University of Iowa administrators discuss sustainability goals, ending coal in power plant

University of Iowa power plant, by Dave Smith, flickr

Tyler Chalfant | October 31st, 2019

University of Iowa administrators met Thursday to discuss the school’s sustainability goals. This meeting followed months of protests from Iowa City students and community members, including a visit from international climate activist Greta Thunberg. The strikers have called on the university to create a Town-Gown Climate Accord with the city and to end coal burning at the university’s power plant. 

None of the strikers were invited to participate in Thursday’s meeting. Stratis Giannakouros, the director of the UI Office of Sustainability and the Environment, said that this sort of meeting addressing the university’s climate goals is fairly routine. 

The university has committed to ending the burning of coal by 2025, although the strikers are demanding that this change happen much sooner than that, and that the power plant transitions to 100% renewable sources by 2030. 

The university plans on entering into a public-private partnership, or P3, to operate its utilities system. University President Bruce Harreld has stated that the partnership will not alter the plan to stop burning coal by 2025, although some bidders are interested in stopping even earlier, by 2023. 

Senior Vice President of UI Finance and Operations Rod Lehnertz told the Daily Iowan that he thought that deadline was realistic, and that many of the finalists for the P3 were drawn to the university specifically because of the desire to get rid of coal. “All of them have said that the first thing they want to do is explore our plans for 2025, and how we can expedite that,” Lehnertz said.

Does October snow contradict climate change theory? Absolutely not.

Julia Poska | October 30, 2019

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Map from Iowa Environmental Mesonet (accessed through Des Moines Register).

Iowans across much of the state awoke Tuesday morning to find a blanket of fresh snow atop vibrant orange and yellow autumn leaves, many still attached to the trees. Parts of east and east central Iowa saw as much as three to four inches, according to the Des Moines Register.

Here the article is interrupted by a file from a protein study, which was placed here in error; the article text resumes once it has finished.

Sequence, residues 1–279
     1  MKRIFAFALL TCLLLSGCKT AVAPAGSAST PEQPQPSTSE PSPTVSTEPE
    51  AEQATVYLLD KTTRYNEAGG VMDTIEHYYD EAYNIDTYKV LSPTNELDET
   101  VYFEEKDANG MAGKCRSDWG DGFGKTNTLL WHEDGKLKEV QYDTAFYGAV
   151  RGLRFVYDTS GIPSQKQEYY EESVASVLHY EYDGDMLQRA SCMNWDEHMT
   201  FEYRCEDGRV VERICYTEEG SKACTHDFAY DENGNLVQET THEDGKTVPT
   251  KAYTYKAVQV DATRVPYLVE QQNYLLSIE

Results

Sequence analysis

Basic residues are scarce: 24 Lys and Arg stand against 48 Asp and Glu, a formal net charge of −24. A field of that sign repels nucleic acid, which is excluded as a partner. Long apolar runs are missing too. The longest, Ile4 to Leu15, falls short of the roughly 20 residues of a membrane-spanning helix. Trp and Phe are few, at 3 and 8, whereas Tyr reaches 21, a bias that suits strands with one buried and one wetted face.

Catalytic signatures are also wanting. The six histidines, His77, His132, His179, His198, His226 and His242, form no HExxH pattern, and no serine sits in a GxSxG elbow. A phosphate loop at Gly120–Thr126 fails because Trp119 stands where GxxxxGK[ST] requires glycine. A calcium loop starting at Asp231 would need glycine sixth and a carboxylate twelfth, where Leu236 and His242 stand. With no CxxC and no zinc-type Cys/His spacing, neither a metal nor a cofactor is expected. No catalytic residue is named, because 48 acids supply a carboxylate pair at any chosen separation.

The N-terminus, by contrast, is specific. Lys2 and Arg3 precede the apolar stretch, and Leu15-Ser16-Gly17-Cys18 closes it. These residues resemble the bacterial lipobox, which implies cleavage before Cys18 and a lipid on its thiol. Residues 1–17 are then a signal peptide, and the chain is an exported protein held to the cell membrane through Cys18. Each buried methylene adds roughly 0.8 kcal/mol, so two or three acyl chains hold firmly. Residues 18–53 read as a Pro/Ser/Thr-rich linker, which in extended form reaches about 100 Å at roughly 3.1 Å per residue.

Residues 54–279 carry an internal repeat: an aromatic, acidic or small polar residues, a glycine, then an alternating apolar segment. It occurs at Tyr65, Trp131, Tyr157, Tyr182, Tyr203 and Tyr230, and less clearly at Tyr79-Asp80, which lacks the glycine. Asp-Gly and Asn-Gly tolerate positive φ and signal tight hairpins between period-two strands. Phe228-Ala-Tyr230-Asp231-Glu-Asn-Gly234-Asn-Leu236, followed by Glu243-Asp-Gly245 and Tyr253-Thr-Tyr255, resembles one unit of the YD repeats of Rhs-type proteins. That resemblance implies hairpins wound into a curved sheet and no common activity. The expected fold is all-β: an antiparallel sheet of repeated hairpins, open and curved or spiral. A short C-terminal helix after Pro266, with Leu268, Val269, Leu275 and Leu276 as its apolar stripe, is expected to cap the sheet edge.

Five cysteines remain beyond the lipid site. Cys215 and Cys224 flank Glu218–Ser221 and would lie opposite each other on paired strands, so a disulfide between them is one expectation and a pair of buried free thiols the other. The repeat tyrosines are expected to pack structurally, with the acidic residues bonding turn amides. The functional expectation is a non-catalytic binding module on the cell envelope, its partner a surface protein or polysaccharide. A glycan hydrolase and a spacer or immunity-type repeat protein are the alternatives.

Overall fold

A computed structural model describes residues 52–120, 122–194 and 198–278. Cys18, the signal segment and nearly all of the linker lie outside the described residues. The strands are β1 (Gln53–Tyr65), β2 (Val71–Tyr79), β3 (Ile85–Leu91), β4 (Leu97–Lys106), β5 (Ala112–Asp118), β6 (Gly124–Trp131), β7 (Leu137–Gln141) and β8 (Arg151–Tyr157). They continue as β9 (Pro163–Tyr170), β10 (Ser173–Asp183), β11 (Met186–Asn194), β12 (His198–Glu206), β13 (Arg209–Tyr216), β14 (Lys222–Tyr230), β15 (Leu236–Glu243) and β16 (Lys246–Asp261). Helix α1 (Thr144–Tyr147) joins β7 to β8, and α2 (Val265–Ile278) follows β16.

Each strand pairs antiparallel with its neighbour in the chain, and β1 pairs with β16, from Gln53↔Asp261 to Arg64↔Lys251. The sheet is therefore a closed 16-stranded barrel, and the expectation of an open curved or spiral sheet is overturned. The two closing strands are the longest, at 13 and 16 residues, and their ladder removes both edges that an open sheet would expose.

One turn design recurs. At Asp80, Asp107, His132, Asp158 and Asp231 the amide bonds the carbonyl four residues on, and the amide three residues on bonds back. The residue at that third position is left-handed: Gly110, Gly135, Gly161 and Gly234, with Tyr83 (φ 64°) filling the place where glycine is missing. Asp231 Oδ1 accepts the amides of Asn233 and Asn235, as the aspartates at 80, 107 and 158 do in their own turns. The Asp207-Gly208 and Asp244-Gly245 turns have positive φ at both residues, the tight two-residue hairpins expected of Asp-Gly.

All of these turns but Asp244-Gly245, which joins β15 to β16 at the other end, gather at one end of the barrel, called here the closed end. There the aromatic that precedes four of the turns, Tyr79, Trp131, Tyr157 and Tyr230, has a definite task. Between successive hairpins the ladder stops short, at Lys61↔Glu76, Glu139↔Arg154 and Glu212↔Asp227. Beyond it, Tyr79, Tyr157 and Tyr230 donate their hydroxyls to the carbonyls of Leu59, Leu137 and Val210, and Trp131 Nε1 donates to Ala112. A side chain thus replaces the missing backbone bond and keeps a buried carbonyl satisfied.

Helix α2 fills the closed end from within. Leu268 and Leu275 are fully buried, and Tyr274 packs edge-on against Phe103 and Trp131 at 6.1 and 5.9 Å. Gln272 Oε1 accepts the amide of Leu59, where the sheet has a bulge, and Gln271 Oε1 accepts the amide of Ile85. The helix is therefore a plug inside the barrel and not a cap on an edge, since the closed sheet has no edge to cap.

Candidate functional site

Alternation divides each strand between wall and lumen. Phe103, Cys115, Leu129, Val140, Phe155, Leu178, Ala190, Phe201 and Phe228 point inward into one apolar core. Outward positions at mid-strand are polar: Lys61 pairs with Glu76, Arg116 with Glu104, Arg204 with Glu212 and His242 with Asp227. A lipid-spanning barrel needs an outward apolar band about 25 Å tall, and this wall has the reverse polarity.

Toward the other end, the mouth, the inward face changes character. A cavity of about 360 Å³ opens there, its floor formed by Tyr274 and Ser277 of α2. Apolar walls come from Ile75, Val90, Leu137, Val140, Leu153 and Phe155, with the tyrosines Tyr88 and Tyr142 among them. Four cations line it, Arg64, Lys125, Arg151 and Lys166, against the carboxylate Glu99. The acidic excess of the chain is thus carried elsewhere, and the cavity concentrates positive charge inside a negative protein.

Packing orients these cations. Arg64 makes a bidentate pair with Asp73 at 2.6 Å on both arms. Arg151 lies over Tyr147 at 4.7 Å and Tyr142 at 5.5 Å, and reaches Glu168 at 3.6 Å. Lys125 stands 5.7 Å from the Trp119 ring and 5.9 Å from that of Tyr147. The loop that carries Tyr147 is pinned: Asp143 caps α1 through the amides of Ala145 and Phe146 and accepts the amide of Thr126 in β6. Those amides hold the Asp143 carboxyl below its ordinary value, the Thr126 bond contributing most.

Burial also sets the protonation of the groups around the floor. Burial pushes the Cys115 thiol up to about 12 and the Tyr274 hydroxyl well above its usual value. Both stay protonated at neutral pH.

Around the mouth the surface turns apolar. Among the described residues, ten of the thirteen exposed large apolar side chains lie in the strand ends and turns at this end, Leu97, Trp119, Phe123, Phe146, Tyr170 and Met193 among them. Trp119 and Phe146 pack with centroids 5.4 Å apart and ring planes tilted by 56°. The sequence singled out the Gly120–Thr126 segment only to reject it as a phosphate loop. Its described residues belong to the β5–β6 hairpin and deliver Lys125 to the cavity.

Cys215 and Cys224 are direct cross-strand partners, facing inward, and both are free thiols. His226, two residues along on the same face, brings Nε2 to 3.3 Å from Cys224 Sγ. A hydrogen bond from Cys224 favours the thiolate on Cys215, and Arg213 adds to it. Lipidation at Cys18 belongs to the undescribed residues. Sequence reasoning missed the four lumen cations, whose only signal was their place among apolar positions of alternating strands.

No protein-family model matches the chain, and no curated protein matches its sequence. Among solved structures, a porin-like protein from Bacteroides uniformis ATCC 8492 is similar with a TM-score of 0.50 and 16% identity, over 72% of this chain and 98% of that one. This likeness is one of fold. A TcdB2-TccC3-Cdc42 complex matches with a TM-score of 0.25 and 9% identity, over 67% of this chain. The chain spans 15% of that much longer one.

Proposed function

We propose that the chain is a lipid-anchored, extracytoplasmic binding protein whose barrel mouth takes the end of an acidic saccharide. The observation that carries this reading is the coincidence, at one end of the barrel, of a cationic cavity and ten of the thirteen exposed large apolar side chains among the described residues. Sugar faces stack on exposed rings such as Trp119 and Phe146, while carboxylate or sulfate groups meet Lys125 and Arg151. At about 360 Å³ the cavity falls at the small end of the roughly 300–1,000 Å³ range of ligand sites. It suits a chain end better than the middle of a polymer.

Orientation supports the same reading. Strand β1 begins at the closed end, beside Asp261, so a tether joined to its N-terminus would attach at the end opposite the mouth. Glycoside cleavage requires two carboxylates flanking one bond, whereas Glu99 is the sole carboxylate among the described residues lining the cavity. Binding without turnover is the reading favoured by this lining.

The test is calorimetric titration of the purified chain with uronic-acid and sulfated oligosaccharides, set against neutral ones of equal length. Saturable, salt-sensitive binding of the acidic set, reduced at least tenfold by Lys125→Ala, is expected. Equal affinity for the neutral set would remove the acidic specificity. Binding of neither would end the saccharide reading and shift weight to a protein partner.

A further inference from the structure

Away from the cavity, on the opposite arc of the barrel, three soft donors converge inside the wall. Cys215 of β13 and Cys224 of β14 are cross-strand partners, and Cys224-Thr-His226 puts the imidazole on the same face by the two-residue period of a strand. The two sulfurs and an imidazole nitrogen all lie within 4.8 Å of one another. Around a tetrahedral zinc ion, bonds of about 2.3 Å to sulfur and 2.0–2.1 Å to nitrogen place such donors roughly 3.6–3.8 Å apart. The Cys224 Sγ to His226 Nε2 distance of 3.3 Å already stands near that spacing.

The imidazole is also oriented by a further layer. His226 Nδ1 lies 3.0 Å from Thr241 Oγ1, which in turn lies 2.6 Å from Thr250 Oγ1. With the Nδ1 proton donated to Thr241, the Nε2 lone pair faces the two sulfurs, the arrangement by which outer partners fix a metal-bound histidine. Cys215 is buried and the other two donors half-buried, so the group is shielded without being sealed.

The National Weather Service  puts the average date of first one-inch snowfall in eastern Iowa in early December.  The unseasonable flurry might have some Iowans questioning how serious Midwestern climate change could really be.

But climate (average temperature and precipitation over several decades) is not the same as weather (daily atmospheric conditions). Years of abnormally high snowfall or abnormally cold weather could have an impact on the averages that create our “climate,” but snow, frost and even “polar vortex” events on their own are products of normal weather variation throughout the year.

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Records show that overall, average annual temperatures in Iowa and most of the world are increasing, despite weather variation. This pushes local 30-year climate averages (shown below for Iowa City) up by small increments over time.

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From U.S. Climate Data


Iowans can still expect snow and cold in coming decades, though the overall frequency and intensity of such events may decline over time. Somewhat milder winters will be followed by much hotter, dryer summers, with an increased number of intense rainstorms added to the mix.

Destructive wildfires erupt across California

AP Photo/Los Angeles Times, Mel Melcon

Tyler Chalfant | October 29th, 2019

Multiple massive wildfires have raged across California this week, stretching the state’s firefighting resources. Dangerous and destructive fires are becoming increasingly common in the state. 2018 was the worst year for fires on record, and a state-commissioned report found that, under current emission trends, the average burn area will increase by 77% by the end of the century.

Low humidity and heavy winds have created ideal conditions for wildfires to spread. A wildfire twice the size of San Francisco has already destroyed at least 60 homes. Fires in Northern California also caused a blackout on Sunday, cutting off electricity to more than 2.5 million people. On Monday morning, fires broke out near Los Angeles as well. These emergency conditions have exhausted much of the state’s firefighting budget, leaving fewer funds available for preventive measures, such as thinning forests and protecting infrastructure and water supplies.
Wildfires have combined with drought and insect infestations to kill millions of California trees in recent years. These fires also contribute to climate change, as a single fire can release as much carbon as 2.5 million cars would emit in a year. The human toll is growing as well. 93 lives were lost due to California wildfires last year alone. Even after fires are extinguished, it can take communities months or years to recover. The length of “wildfire season” grows longer as well. Today, there are 78 more “fire days” than there were 50 years ago.

Clorox sets new environmental goals

Clorox (Mike Mozart/flickr)

Kasey Dresser| October 28, 2019